6. My issue with all of this is that to my knowledge there is no other profession that requires an existing long established practitioner to gain a qualification that is degree standard. Doctors, accountants, lawyers etc all generally go to Uni as a full time student to qualify, whereas we are expected to carry on our full time job and gain qualifications in our “spare” time. Don’t get me wrong, I have no problem with proving continued competence, but even such steps as these will not cure this industry of its ills. Sadly we are looking at the demise of IFAs. If new entrants have to be degree qualified why join an industry such as ours? Easier to be a doctor or lawyer with considerably more income!

  7. Anonymous (why cannot people leave their names Are they ashamed of their opinions?) is missing the point that the FSA are demanding an arbitrary date by which one must have an exam result which allows you to carry on doing what you do already. Bear in mind that passing the exams does not mean you can actually do the job,but many people currently do the job without the exams. For those that wish to progress to QCA level 4 should do so but those who feel it will not add anything to their business model should be allowed to carry on trading and if the market demands higher qualifications and I suspect it will, then allow people to progress at a time of their choosing.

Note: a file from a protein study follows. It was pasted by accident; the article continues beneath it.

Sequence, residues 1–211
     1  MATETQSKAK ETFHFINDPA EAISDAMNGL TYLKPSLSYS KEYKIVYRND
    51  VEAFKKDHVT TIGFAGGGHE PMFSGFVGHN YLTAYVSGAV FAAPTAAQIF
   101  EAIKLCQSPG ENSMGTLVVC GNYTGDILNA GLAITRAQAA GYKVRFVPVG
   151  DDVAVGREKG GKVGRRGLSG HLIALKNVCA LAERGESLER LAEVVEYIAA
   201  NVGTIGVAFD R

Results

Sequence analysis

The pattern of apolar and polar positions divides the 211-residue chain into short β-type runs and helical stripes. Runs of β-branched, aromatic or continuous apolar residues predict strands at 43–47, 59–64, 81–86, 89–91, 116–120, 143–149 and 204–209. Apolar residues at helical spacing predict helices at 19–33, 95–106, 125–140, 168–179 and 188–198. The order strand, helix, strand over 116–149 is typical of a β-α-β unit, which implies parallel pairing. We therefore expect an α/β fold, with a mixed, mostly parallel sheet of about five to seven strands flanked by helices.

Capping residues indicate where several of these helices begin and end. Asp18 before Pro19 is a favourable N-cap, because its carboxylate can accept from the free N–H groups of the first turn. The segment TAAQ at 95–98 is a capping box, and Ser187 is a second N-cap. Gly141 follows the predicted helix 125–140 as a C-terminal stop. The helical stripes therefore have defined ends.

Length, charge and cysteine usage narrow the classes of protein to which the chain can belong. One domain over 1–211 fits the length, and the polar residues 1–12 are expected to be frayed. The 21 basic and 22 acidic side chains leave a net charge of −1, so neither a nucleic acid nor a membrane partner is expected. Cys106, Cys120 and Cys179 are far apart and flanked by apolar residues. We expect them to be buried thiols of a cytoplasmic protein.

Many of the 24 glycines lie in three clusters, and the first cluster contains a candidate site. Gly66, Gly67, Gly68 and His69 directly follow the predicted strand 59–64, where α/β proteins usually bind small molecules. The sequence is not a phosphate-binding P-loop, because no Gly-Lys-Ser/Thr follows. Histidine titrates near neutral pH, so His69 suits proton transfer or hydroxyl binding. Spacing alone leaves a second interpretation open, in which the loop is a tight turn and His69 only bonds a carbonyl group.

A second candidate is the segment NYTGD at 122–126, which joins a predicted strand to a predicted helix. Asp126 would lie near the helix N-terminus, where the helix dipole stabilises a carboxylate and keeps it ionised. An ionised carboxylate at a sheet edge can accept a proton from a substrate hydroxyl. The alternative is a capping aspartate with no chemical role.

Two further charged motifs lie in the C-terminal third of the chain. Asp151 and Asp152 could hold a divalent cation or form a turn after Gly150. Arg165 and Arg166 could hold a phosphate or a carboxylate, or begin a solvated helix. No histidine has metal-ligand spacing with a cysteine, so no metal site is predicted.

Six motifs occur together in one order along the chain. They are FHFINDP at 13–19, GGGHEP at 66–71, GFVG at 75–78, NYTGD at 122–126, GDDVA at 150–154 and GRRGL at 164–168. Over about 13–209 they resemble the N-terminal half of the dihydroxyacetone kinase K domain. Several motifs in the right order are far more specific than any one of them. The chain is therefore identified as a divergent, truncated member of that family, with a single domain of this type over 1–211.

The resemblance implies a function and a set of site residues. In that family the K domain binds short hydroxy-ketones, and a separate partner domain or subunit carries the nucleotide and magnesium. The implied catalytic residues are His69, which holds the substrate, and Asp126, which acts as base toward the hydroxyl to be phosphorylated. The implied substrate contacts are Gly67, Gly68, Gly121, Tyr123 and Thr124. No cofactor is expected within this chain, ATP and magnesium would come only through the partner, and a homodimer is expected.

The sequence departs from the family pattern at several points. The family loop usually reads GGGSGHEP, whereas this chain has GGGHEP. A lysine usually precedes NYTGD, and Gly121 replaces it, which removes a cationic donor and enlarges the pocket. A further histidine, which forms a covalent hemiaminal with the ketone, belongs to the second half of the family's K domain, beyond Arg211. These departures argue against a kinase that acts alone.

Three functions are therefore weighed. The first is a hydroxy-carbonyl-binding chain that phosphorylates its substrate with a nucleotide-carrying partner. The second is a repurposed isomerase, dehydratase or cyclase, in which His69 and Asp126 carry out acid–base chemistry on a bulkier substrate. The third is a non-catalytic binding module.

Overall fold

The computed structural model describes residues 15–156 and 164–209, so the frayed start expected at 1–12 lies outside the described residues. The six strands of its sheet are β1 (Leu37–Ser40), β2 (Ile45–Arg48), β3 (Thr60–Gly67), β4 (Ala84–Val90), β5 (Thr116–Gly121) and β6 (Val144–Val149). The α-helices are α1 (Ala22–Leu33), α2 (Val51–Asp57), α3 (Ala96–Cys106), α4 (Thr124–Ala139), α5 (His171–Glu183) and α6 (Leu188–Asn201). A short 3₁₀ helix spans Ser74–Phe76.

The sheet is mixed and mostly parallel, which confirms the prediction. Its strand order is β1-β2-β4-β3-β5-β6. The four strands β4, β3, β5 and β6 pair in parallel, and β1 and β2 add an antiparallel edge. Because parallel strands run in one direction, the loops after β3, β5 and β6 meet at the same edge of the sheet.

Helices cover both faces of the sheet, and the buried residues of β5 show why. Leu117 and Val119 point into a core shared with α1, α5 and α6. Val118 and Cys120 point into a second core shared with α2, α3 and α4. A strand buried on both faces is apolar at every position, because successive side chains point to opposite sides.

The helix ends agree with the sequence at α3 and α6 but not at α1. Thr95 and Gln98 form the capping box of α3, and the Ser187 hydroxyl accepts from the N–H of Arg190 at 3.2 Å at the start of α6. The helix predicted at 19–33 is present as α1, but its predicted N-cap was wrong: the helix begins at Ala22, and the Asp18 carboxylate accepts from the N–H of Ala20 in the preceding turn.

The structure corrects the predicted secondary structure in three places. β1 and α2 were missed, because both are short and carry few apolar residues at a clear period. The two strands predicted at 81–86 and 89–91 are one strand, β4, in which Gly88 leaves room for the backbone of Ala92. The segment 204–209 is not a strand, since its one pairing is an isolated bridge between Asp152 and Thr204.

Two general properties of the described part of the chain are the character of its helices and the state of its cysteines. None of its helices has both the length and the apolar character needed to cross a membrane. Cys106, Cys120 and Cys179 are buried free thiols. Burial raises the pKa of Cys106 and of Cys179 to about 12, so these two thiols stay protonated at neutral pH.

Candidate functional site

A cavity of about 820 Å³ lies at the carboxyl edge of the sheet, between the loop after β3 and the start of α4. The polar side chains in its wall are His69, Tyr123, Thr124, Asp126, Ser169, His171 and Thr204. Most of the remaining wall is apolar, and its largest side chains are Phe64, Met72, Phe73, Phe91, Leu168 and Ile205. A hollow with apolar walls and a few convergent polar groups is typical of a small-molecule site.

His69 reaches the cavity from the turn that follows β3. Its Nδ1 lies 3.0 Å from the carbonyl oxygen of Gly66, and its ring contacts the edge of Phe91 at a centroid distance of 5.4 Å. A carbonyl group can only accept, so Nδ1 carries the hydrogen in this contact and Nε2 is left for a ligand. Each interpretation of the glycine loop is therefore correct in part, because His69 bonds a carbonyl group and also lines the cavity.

A more important problem is the move to fee only advice and the huge potential for consumer detriment that is inherent in the proposal. Consumers have had a choice to pay for advice by fee for a number of years and yet over 90% refuse to pay by fee (an FSA figure ) and there has been no stampede by the public to demand the banning of commission which suggests that now may not be the time to do so. AIFA is absolutely right to pursue their course. Oh by the way, to assume the FSA has sought legal advice may be considered a trifle naive. After all, the FSA have carried out no work, that I know of, on the average level of fee income for advisers prior to telling us that we must charge fees!